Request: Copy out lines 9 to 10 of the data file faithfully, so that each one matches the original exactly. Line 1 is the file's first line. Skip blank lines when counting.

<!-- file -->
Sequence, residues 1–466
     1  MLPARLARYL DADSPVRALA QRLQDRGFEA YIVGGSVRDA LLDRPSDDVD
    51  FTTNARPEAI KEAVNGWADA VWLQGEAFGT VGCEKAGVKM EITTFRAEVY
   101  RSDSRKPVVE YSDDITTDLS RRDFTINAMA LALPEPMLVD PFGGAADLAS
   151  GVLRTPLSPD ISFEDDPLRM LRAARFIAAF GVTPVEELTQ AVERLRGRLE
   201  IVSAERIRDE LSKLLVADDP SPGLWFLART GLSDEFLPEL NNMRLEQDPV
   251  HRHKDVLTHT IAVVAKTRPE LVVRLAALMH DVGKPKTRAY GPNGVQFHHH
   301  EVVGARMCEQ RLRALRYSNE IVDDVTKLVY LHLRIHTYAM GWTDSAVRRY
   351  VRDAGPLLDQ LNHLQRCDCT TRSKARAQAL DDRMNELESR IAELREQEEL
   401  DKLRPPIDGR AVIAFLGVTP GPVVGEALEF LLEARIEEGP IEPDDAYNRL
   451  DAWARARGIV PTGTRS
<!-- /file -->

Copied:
   351  VRDAGPLLDQ LNHLQRCDCT TRSKARAQAL DDRMNELESR IAELREQEEL
   401  DKLRPPIDGR AVIAFLGVTP GPVVGEALEF LLEARIEEGP IEPDDAYNRL